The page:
To date, the initiative has secured commitments aimed at increasing the quantity and quality of jobs available to over 16 million young women and men. Nestlé has committed to reach 10 million young people with employability and entrepreneurship by 2030. The International Telecommunication Union and the ILO have joined forces to launch Digital Skills for Decent Jobs for Youth, a global campaign to equip 5 million young people with job-ready transferable digital skills by 2030. The Digital Skills Toolkit provides very concrete ideas on how to achieve this goal. The Citi Foundation has committed $100 million to prepare 500,000 young people in cities around the world for today’s competitive job market through entrepreneurship training, targeted mentorship, leadership development and first job opportunities.
Decent Jobs for Youth goes beyond simply securing commitments from partners. As a central facilitator, it identifies linkages and synergies between commitments and ensures cohesion between efforts. Partners who may never have encountered each other in different circumstances can pool their resources and expertise and ultimately form new partnerships that can achieve more than any one organization working alone.EVIDENCE-DRIVEN INNOVATION We generally know what works in youth employment. What’s lacking is the scale and depth needed to improve labour market outcomes for young people in a sustainable way. Decent Jobs for Youth focuses on gathering evidence, based on the collective experiences of its partners and replicating and scaling the solutions that really work. The recently launched Guide on Measuring Decent Jobs for Youth provides practical and accessible guidance for measuring impact at country-level, generating data that can be added to a growing knowledge bank of best practices and effective interventions.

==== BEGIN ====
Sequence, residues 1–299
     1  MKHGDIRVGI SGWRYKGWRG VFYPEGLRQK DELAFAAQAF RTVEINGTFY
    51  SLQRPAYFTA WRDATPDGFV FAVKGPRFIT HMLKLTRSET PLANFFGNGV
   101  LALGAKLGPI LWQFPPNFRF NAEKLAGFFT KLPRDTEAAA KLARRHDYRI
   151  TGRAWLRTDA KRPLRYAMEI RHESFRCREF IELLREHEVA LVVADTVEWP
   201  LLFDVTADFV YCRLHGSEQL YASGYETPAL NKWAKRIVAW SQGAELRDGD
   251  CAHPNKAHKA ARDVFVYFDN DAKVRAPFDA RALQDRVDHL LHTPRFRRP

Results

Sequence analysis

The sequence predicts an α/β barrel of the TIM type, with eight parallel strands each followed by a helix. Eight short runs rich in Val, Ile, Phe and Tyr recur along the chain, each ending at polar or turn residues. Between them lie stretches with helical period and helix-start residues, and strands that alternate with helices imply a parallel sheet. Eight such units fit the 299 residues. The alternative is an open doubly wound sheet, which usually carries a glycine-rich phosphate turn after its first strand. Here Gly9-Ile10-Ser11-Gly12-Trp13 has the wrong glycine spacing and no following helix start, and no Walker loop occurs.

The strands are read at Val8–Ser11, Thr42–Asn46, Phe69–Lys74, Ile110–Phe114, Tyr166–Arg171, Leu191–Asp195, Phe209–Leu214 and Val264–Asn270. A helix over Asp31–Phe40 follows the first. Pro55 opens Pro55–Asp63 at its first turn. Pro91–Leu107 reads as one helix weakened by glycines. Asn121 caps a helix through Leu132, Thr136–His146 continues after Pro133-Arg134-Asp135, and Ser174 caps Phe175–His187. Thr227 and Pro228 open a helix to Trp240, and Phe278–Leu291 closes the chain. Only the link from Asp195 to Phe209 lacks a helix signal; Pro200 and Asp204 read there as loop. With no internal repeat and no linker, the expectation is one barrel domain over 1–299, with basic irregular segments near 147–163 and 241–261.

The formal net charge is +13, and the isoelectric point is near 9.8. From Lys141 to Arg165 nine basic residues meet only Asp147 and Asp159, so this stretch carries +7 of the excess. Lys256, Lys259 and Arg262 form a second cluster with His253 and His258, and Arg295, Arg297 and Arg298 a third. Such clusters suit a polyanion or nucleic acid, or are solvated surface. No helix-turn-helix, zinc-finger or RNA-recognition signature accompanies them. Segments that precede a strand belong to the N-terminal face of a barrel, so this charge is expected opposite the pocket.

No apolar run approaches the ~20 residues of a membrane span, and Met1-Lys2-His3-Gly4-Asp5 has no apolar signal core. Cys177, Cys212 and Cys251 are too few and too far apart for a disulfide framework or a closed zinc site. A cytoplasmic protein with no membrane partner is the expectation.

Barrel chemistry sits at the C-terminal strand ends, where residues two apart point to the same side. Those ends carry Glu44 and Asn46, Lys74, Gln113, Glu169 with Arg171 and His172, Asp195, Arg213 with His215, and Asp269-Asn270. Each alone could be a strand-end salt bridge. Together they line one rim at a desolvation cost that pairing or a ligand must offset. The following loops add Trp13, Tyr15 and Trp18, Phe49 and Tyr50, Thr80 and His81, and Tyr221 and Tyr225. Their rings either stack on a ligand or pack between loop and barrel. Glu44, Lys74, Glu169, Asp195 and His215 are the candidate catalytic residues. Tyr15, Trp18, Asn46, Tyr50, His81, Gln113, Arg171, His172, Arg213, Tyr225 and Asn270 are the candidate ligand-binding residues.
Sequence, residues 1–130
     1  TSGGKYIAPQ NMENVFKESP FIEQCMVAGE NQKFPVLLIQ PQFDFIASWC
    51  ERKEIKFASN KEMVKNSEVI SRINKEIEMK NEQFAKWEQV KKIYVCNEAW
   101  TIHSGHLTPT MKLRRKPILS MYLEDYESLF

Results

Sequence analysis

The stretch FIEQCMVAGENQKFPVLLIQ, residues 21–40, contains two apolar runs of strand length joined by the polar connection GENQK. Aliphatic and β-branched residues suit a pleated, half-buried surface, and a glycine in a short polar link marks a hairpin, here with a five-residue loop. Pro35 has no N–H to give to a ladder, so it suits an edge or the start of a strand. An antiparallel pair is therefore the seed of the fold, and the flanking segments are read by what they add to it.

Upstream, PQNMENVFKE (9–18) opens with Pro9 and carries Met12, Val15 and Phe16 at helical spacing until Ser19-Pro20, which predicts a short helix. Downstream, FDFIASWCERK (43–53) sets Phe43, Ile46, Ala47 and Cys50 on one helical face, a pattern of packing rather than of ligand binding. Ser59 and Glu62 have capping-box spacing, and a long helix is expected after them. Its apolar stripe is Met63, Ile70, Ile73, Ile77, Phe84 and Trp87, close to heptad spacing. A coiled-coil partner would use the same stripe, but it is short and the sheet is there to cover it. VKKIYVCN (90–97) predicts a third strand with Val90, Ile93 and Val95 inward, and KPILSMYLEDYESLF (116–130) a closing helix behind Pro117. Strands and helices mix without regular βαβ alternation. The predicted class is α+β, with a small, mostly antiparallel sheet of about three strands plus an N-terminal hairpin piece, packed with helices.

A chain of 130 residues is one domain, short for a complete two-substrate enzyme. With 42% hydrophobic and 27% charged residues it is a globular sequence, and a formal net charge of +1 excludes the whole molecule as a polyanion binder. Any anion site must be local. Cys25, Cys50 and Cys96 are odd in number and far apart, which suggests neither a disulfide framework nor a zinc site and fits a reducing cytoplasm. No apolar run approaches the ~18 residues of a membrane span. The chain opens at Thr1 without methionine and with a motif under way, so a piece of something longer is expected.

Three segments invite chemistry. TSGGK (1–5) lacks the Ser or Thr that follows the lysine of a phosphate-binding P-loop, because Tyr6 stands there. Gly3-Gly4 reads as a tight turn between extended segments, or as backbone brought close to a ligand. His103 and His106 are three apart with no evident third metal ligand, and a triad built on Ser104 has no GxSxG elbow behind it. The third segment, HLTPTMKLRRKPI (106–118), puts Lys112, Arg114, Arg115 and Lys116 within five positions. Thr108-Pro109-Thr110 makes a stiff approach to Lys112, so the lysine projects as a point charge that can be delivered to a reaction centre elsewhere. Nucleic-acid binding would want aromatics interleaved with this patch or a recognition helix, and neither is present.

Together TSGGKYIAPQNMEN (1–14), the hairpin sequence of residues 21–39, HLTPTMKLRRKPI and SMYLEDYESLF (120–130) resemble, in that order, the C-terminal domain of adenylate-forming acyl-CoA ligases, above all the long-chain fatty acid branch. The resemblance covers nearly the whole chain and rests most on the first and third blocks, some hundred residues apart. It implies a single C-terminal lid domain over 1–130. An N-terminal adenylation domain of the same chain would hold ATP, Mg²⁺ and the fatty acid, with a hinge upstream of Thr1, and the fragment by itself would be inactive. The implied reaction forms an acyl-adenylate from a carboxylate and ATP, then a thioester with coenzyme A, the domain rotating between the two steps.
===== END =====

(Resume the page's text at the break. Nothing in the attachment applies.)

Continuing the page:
However, the Global Initiative does not only focus on existing solutions. It also seeks out and amplifies innovation. Events such as this year’s Innovations for Decent Jobs for Youth conference provide a platform for partners to meet face to face, to share ideas and innovative approaches and, crucially, to find opportunities for collaboration. This event featured several youth leaders and young entrepreneurs in key roles as speakers and moderators in line with the Initiative’s focus on youth-led solutions. After all, the best way to solve any problem is to listen to and empower those most affected by it.UNIQUE ALLIANCE The youth employment challenge is not just a problem for the 66 million young people currently out of work, or the 145 million who live in poverty despite holding a job.
It’s also a major concern for our global, regional and national economies as well as society as a whole. Long periods of unemployment and underemployment can have permanent negative effects on a person’s long-term career prospects and the current crisis could include an entire generation of talent, education and aspirations going to waste.
A commitment to Decent Jobs for Youth is recognized as a direct and official contribution towards the 2030 Agenda for Sustainable Development. But this is only one of the concrete benefits that the Initiative offers its partners. By becoming a partner an organization gains access to expertise, resources, networking opportunities and cutting-edge knowledge. They also gain partners from many different spheres of influence – think tanks, foundations, government agencies, youth organizations and corporations – working towards the same goals and eager to collaborate. They gain recognition as leaders and influencers in creating fair and stable employment for young people across the globe.
Most importantly, they gain the opportunity to make a real difference to young people; bright, driven young people like Nuru Nassor, who want nothing more or less than to reach their full potential and create a better future.